Gray finds his transactional practice exciting because it affords him a role in helping companies and their owners grow their businesses and transition for future success drawing upon his creative approach to problem solving and business insights. He has been involved a wide range of transactions, including mergers, acquisitions, divestitures and financing deals for manufacturers, financial institutions, technology companies, consumer products companies, dairy cooperatives, traditional and renewable-source electric generation facilities, as well as clients in a wide range of other industries. Gray also regularly counsels clients with respect to corporate governance, regulatory compliance, contract negotiation and disputes, and other general business matters. 

His corporate reorganization practice can be especially gratifying when a successful turnaround saves an otherwise struggling enterprise and imperiled jobs.

For example, Gray recently helped revive a struggling 128-year-old paper mill in Jefferson County, New York. The mill, Carthage Specialty Paperboard, abruptly found itself without sufficient cash to continue operations and was forced to furlough workers. Gray and a team of other Bond lawyers helped Carthage seek chapter 11 bankruptcy protection and develop a plan to restart manufacturing while positioning the mill for a sale. The successful revival and subsequent sale of the business generated significant value, preserving more than 80 jobs in an economically struggling area of New York’s North Country, and was recognized by The M&A Advisor as Turnaround of the Year ($10MM to $100MM).

“It’s nice to look back on the successful reorganizations I’ve been part of,” Grayson says. “People often have a negative impression when they hear the term ‘bankruptcy’ but what they may not immediately appreciate, at least in the business context, is that the whole chapter 11 process is structured around preserving as much value as possible for the benefit of creditors. Economically troubled businesses are usually able to pay more back to their creditors, and provide greater value to society, if they can be maintained as a going concern rather than broken up into parts or closed completely, and the bankruptcy process provides valuable tools to keep a business together for the benefit of everyone involved.”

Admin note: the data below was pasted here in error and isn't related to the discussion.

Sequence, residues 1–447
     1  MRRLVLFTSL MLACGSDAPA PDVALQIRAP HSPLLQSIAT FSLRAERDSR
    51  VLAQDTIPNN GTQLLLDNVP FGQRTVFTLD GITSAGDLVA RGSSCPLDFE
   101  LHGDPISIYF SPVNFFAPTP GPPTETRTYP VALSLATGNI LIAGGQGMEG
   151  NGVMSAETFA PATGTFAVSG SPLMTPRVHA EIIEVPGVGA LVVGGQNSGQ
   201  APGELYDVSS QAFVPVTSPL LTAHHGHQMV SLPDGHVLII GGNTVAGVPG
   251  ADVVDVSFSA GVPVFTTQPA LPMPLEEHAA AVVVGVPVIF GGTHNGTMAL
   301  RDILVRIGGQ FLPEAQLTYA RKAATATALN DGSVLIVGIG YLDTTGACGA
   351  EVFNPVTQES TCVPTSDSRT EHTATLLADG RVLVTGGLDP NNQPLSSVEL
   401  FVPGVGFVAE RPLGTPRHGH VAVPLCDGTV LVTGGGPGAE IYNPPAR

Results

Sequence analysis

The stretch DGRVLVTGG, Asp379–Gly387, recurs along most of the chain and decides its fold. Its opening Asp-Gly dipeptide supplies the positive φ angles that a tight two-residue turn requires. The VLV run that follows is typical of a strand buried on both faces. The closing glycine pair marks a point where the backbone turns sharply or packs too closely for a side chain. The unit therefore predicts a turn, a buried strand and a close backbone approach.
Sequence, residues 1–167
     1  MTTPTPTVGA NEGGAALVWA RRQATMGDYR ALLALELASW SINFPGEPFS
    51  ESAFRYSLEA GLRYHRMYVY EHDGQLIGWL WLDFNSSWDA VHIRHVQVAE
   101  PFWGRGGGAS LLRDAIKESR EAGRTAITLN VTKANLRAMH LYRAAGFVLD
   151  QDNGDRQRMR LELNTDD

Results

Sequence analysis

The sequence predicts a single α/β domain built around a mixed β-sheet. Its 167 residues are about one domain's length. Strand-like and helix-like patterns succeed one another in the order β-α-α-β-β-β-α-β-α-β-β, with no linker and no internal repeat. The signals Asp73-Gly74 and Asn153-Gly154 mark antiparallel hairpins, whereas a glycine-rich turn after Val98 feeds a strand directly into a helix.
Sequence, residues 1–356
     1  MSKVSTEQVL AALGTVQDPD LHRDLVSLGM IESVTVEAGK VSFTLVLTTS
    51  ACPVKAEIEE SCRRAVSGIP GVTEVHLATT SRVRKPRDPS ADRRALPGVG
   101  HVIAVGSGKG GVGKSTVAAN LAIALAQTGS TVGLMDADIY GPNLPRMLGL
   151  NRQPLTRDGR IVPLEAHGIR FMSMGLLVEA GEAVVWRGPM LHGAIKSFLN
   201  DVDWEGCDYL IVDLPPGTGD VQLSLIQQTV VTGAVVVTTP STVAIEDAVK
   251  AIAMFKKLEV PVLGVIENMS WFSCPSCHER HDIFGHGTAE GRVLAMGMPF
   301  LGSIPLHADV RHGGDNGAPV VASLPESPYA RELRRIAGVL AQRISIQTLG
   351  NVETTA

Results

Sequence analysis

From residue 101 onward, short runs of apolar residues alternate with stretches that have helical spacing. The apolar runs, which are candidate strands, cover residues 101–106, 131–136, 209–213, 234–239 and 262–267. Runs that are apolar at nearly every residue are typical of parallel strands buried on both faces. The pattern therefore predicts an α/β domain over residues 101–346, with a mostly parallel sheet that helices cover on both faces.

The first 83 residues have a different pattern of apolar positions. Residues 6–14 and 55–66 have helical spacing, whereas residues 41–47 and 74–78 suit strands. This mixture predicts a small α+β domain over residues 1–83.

Gray has worked on reorganizations involving other specialty and non-specialty manufacturers, hospitals and health care facilities and providers, higher-education institutions, energy producers, professional sports teams, newspapers and media companies, transportation and logistics contractors, real estate projects, construction companies, gas stations and convenience stores, industrial service providers, non-profit organizations and municipal corporations where the debts at issue ranged from tens of thousands to several hundreds of millions of dollars.

Gray also regularly helps clients who find themselves involved with a financially distressed business partner, including advising on permissible debt collection practices, dealing with bankrupt suppliers, customers or contract counterparties, and defending against lawsuits seeking to claw back funds previously received from an insolvent trading partner.

In his free time, Gray volunteers as a youth ski coach in the winter and enjoys fishing and sailing in the summer. He also cheers on Syracuse University sports teams, especially basketball and lacrosse.